A Flea in the Fur of the Beast

“Death, fire, and burglary make all men equals.” —Dickens

Category: Conspiracy theories

Top 10 reasons Peter Schiff is a clown

by pdxblake

Ten (plus or minus a few) gems that will entertain you if you like to make fun of gold bugs like Peter Schiff (via Bloomberg):

[Peter Schiff] shows off $50 gold chips, to be used when paper money becomes worthless, a prediction repeated on his daily two-hour radio show broadcast from his basement studio to 68 stations in 30 states and 50,000 listeners online.

…of course he broadcasts it from his basement…

“Before President Barack Obama leaves office in 2017 the U.S. will default, the dollar will collapse, hyperinflation will strike and gold will skyrocket, he says.”

…haha…

“With inflation at or below the Fed’s 2 percent target for the past 11 months, the Standard & Poor’s 500 stock index reaching record levels and the dollar strengthening against major currencies in the past year, Schiff knows his forecasts make some people laugh. He’s used to it. “

…yeah, he’s used to being laughed at…that’s because he’s a CLOWN!

““They should take him seriously — he was right with a lot of other ones,” Ron Paul […] Schiff was an economic adviser to [Ron] Paul’s presidential campaign in 2007.”

…that explains so much…so, let’s bring in Austin Goolsbee for some explaining…

“They [gold bugs] have been saying that for literally four-plus years, and they have been egregiously wrong,” Goolsbee said by phone Oct. 30. “As a matter of mathematics, they’re just adding up the numbers incorrectly to say that they think there’s going to be 200 percent inflation.”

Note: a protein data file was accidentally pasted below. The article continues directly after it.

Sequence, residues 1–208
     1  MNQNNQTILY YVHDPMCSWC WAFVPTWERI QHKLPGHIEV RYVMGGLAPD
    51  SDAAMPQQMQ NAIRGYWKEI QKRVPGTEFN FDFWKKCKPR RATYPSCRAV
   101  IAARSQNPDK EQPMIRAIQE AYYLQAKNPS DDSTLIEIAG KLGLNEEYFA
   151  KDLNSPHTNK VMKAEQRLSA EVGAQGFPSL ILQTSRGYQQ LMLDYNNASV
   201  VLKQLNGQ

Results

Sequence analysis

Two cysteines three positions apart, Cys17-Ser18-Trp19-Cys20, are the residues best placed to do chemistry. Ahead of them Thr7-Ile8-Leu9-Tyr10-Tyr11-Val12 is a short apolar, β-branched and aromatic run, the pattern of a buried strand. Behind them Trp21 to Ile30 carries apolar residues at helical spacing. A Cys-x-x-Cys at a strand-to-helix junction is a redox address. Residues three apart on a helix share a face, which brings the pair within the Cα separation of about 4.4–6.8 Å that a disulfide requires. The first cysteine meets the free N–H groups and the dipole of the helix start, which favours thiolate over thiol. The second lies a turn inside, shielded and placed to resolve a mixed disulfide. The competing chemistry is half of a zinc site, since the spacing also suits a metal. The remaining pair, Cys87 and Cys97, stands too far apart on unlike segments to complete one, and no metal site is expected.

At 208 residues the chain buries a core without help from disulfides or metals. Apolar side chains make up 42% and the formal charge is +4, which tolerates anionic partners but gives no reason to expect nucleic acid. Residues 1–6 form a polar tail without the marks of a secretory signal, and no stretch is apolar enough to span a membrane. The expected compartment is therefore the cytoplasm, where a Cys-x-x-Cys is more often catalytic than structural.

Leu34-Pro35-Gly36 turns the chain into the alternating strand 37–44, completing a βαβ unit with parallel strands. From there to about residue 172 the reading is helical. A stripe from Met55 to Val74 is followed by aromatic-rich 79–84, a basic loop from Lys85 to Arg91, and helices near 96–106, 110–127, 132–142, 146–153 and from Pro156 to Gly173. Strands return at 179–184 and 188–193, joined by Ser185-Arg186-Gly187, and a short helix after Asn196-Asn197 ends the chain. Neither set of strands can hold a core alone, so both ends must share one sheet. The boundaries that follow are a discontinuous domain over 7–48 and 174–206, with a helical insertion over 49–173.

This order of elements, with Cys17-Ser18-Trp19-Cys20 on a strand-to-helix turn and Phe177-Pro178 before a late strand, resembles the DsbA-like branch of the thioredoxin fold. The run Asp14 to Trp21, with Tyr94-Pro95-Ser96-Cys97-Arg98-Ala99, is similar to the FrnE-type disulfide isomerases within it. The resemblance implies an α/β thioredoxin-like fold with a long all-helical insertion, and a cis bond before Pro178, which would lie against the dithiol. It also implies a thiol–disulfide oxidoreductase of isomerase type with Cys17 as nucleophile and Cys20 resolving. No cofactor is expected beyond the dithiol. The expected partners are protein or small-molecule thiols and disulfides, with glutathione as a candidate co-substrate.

…I fear for the people who listen to him for advice…

“Thank God we got so many stupid people that don’t understand the value of gold because that means that people who do understand are able to buy it at a low price,” Schiff said into the microphone. “Don’t necessarily get mad, get in on it.”

…and these are the types of people who do…

“Schiff’s listeners call in wanting to know how to prepare. Mike from St. Lucia asked about a $1 trillion treasure allegedly hidden in a New Mexico mountain, that if found would make a dent in the national debt. “We don’t have that much time” to discuss such theories, Schiff said.”

…and yes, he does like to promote himself…

“In November 2011, Schiff visited Occupy Wall Street protesters in Manhattan’s Zuccotti Park to “represent the 1 percent [and] see if I can have a dialog with the other 99 percent.”

…but wait, there’s more (this sentence is a real gem):

“Schiff credited his father ‘‘whose influence and guidance concerning basic economic principles enabled me to see clearly what others could not.’’ Irwin Schiff has long advised people that they didn’t have to pay income tax, and is serving a 13-year sentence in the Federal Correctional Institution in Fort Worth, Texas, for tax evasion.”

And that pretty much made my day.  He also ran for Senate and lost to Linda McMahon.  Read the whole thing here.

Infowars: “False Flag?!@?! What are you, cRaZy?!?!?”

by evanmcmurry

HA!

“I’m not saying that people shouldn’t ask questions about events of this nature because we know that governments have lied about them in the past. But to claim this is staged, this is fabricated, this is all crisis actors just makes no sense,” Watson explains in a YouTube video posted on Jones’ Prison Planet channel.